Sodium-potassium pump

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The system by which sodium ions (Na+) are actively transported out of the cell whilst potassium ions (K+) are actively transported into the cell, which maintains a chemical disequilibrium. The movement of ions is regulated by the transmembrane proteins found in the plasma membranes of virtually all animal cells. For every one molecule of ATP that is hydrolysed to release energy, two K+ and three Na+ molecules are actively transported across the membrane. This process ensures the resting membrane potential of the cell is maintained and requires energy in the form of ATP[1].

Initially, K+ moves out of the cell down a chemical gradient, through the K+ leak channel, resulting in a slight accumulation of positive charge outside the cell. This process is possible due to the high permeability of the lipid bilayer to K+. In conjunction with this process is the active transport of Na+ out of and K+ into the cell, through the sodium-potassium pump. Na+ would move into the cell in the absence of ATP because the concentration is 10-30 times higher in the extracelluar fluid than in the cell, therefore the ion wants to move down its chemical gradient. The presence of ATP, however, ensures it is actively transported into the cell. At the same time as Na+ is pulled out of the cell, K+ is pushed in against its concentration gradient[2].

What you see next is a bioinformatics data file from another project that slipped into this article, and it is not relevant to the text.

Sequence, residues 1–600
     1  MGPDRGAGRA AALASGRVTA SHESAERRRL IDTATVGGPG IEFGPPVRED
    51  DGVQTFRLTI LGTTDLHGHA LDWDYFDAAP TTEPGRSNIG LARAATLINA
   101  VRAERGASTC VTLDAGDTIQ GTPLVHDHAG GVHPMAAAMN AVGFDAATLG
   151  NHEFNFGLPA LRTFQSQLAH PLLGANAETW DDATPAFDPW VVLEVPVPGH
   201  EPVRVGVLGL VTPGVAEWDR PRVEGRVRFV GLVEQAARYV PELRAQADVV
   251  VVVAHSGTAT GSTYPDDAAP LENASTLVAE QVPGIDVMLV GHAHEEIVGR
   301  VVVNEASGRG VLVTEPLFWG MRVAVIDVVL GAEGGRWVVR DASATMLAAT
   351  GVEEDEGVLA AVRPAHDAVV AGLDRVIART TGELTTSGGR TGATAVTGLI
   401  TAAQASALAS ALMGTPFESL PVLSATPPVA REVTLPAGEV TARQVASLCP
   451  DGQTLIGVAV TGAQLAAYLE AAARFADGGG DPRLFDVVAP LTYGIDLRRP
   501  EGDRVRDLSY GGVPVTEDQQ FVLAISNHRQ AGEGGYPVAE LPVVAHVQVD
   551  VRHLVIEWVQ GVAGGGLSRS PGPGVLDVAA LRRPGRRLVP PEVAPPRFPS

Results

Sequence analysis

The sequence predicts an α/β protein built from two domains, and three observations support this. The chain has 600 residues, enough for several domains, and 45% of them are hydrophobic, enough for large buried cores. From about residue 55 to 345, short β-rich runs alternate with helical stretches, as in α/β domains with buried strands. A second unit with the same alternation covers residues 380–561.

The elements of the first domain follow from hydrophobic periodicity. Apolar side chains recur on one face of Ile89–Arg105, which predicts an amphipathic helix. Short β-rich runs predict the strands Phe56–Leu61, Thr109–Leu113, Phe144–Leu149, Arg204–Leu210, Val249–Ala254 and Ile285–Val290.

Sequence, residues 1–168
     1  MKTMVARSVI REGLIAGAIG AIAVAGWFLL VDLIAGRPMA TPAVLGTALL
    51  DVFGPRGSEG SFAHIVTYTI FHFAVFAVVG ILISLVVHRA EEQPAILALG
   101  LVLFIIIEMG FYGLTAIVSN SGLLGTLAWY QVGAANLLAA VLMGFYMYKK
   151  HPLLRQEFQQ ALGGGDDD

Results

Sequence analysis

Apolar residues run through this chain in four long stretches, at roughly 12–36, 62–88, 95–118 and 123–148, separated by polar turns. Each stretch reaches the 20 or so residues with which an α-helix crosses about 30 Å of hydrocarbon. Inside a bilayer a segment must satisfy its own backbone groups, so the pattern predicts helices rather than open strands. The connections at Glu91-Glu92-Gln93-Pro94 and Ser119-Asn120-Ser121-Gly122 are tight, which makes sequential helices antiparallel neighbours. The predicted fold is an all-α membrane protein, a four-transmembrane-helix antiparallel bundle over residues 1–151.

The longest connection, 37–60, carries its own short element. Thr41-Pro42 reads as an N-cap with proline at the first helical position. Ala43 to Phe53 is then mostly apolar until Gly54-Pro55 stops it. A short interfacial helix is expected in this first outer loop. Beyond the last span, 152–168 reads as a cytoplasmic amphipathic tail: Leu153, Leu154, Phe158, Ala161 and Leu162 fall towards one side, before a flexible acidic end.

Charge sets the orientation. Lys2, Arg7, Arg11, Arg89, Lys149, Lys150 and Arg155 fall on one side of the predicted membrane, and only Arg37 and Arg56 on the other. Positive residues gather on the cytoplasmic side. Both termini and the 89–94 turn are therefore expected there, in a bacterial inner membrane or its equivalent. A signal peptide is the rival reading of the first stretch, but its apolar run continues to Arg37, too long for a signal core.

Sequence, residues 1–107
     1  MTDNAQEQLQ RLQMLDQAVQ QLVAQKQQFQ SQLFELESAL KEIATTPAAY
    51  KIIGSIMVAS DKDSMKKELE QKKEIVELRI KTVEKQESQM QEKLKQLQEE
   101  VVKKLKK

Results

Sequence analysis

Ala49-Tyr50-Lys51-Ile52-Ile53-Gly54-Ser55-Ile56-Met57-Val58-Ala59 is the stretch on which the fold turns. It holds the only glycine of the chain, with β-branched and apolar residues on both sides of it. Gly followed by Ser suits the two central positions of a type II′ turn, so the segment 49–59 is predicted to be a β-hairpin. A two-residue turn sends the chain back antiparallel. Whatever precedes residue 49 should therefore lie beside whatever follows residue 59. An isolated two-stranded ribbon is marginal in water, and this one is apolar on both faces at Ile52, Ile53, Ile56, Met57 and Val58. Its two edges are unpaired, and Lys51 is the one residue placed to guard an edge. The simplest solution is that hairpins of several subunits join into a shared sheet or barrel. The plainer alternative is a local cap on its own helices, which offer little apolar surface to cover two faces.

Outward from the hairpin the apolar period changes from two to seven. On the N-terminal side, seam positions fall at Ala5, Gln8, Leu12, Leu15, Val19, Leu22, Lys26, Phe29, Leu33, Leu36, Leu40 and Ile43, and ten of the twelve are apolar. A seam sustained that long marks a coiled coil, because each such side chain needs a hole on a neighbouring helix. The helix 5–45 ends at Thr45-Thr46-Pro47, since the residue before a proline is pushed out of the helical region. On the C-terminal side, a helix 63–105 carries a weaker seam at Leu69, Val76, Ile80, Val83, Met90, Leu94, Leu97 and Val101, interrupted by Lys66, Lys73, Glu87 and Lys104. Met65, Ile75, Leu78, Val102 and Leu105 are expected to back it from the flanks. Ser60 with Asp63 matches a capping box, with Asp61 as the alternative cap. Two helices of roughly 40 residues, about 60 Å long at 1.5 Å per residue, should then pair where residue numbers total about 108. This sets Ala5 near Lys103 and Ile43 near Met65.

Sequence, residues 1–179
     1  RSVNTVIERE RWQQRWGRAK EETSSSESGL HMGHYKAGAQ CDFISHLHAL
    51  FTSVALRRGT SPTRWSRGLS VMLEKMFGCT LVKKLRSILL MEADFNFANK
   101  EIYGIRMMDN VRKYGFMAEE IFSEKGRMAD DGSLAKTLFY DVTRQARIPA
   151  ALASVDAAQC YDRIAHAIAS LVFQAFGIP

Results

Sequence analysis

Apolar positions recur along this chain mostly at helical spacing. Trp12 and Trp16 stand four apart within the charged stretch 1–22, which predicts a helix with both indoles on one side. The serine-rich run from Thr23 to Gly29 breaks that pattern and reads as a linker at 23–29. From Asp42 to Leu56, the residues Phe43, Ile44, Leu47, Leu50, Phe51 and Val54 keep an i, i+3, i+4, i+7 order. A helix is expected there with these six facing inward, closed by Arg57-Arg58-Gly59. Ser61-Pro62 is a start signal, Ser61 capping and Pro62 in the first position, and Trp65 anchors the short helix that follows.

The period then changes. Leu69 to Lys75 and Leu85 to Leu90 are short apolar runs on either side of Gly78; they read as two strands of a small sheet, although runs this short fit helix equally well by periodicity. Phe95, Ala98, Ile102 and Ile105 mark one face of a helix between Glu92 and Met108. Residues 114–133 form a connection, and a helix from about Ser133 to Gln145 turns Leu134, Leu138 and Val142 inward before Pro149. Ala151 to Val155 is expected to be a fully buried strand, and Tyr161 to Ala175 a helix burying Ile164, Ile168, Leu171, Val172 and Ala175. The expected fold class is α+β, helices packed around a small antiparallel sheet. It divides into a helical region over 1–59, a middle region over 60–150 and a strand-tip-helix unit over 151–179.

This electrogenic process is essential for the regulation of cytosolic pH of the cell, and the cell devotes a third of its energy to the pump.


  1. Bruce et al, 2008, Molecular Biology of the Cell, Fifth Edition, Garland Science, New York, USA:661
  2. Bruce et al, 2008, Molecular Biology of the Cell, Fifth Edition, Garland Science, New York, USA:662
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